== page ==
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Print Edition> World
UPDATED: May 18, 2015 NO. 21 MAY 21, 2015
Better Together
China cements ties with its Eurasian partners through President Xi Jinping's visits to Kazakhstan, Russia and Belarus
By Bai Shi

Chinese President Xi Jinping meets with Kazakh President Nursultan Nazarbayev in Astana, capital of Kazakhstan, on May 7 (XINHUA)

During his state visit to Kazakhstan in September 2013, Chinese President Xi Jinping proposed the building of the Silk Road Economic Belt, which is expected to facilitate trade between countries along the ancient trade route on the Eurasian continent and increase connectivity of infrastructure in these countries.

When Xi made his newest Eurasian tour to Kazakhstan, Russia and Belarus on May 7-12, he found the prospect is increasingly likely that his initiative will be seamlessly integrated with collective and individual development programs of the host countries.

Kazakhstani connections

In Astana, capital of Kazakhstan, Xi and his Kazakh counterpart Nursultan Nazarbayev agreed on May 7 that the two countries will align their development strategies in pursuit of common prosperity.

"We are ready to align the Silk Road Economic Belt Initiative to Kazakhstan's new economic policy of the Bright Road, so as to achieve common development and prosperity on the basis of equality and reciprocity," Xi said during talks with Nazarbayev.

Echoing Xi, Nazarbayev said that Kazakhstan backs China's initiative and stands ready to be an important partner of China to build the Silk Road Economic Belt.

He also added that Kazakhstan is ready to work more closely with China under the framework of the Asian Infrastructure Investment Bank.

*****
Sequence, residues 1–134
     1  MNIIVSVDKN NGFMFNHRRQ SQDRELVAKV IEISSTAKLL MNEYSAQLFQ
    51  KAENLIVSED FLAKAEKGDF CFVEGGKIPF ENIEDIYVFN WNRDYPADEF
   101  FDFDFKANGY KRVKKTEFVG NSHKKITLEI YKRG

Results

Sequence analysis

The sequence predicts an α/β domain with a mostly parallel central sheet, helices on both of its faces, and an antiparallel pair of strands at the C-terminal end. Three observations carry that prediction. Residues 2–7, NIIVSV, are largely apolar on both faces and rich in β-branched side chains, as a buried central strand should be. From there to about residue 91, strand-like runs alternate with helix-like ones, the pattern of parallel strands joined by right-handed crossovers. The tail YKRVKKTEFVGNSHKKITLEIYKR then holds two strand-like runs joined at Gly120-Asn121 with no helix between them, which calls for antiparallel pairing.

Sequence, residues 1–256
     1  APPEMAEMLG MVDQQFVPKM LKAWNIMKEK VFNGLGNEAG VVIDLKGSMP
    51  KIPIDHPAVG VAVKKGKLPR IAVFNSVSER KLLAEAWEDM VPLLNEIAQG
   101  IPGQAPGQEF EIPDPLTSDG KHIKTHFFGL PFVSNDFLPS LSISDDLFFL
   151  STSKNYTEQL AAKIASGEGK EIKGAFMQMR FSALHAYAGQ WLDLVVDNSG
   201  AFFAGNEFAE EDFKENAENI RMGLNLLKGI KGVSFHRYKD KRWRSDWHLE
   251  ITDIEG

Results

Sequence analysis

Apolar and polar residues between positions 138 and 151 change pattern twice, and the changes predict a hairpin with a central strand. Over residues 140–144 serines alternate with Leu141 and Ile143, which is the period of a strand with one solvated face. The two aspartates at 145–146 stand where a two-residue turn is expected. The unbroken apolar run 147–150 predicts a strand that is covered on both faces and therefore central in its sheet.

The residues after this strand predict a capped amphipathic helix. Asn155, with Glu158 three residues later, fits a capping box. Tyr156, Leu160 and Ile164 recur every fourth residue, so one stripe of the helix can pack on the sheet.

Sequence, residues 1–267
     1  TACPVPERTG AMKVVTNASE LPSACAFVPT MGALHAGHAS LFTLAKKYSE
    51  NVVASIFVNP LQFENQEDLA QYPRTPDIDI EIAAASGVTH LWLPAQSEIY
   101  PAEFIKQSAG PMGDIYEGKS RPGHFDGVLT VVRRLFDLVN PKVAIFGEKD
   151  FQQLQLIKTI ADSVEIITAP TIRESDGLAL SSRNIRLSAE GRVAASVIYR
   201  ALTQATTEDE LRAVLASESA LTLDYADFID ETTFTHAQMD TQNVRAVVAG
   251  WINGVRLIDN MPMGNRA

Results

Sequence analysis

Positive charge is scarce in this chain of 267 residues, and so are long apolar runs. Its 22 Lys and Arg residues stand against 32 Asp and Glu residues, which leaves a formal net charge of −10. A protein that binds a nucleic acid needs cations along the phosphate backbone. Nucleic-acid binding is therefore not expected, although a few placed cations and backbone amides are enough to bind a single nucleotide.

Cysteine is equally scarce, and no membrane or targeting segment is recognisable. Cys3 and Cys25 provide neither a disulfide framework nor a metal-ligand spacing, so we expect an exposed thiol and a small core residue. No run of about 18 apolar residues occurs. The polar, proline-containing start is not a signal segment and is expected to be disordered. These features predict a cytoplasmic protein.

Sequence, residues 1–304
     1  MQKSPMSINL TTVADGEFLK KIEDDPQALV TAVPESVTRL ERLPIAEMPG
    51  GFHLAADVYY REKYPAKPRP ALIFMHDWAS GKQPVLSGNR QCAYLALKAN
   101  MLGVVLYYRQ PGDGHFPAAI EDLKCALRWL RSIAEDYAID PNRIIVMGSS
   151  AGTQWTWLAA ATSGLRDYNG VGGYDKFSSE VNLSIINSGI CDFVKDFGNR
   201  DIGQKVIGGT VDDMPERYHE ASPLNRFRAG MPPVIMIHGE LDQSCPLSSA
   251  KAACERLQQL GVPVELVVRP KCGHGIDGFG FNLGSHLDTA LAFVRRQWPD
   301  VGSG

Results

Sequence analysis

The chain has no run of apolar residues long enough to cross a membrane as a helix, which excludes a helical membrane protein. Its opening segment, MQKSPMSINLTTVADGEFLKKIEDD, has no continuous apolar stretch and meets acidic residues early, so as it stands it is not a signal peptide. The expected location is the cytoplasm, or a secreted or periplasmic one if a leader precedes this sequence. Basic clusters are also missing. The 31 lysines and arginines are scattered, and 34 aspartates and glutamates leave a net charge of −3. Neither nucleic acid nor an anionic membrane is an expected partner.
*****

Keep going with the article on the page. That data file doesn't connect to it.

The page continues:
Relations between China and Kazakhstan have been much closer as their cooperation on trade and investment has witnessed a remarkable momentum of growth. Bilateral trade value reached $28.6 billion in 2013. China has become Kazakhstan's largest trading partner.

Today, more and more merchants from Kazakhstan come to China to do business. China's land port Horgos in Xinjiang Uygur Autonomous Region, which borders Kazakhstan, has witnessed a remarkable growth of trade. Express cargo routes have been launched from China via Kazakhstan to Europe. Rakhat, a Kazakh chocolate brand, has been popular with consumers in Xinjiang for its unique milk flavor and natural food processing.

Meanwhile, a growing number of Chinese investors are establishing joint ventures in Kazakhstan and have introduced leading industrial and agricultural technologies into the country. Currently, China's total investment in Kazakhstan has exceeded $26 billion, and Kazakhstan is China's first investment destination among Central Asian countries.

China and Kazakhstan are now pursuing the goal of increasing their bilateral trade value to $40 billion by the end of 2015.

Visiting Chinese President Xi Jinping talks with his Russian counterpart Vladimir Putin at the Kremlin in Moscow on May 8 (XINHUA)

Russian relations

In talks between Xi and Russian President Vladimir Putin in Moscow on May 8, the two countries reached a broad consensus on integrating the Silk Road Economic Belt Initiative with Russia's aspiration under the Eurasian Economic Union (EAEU) framework.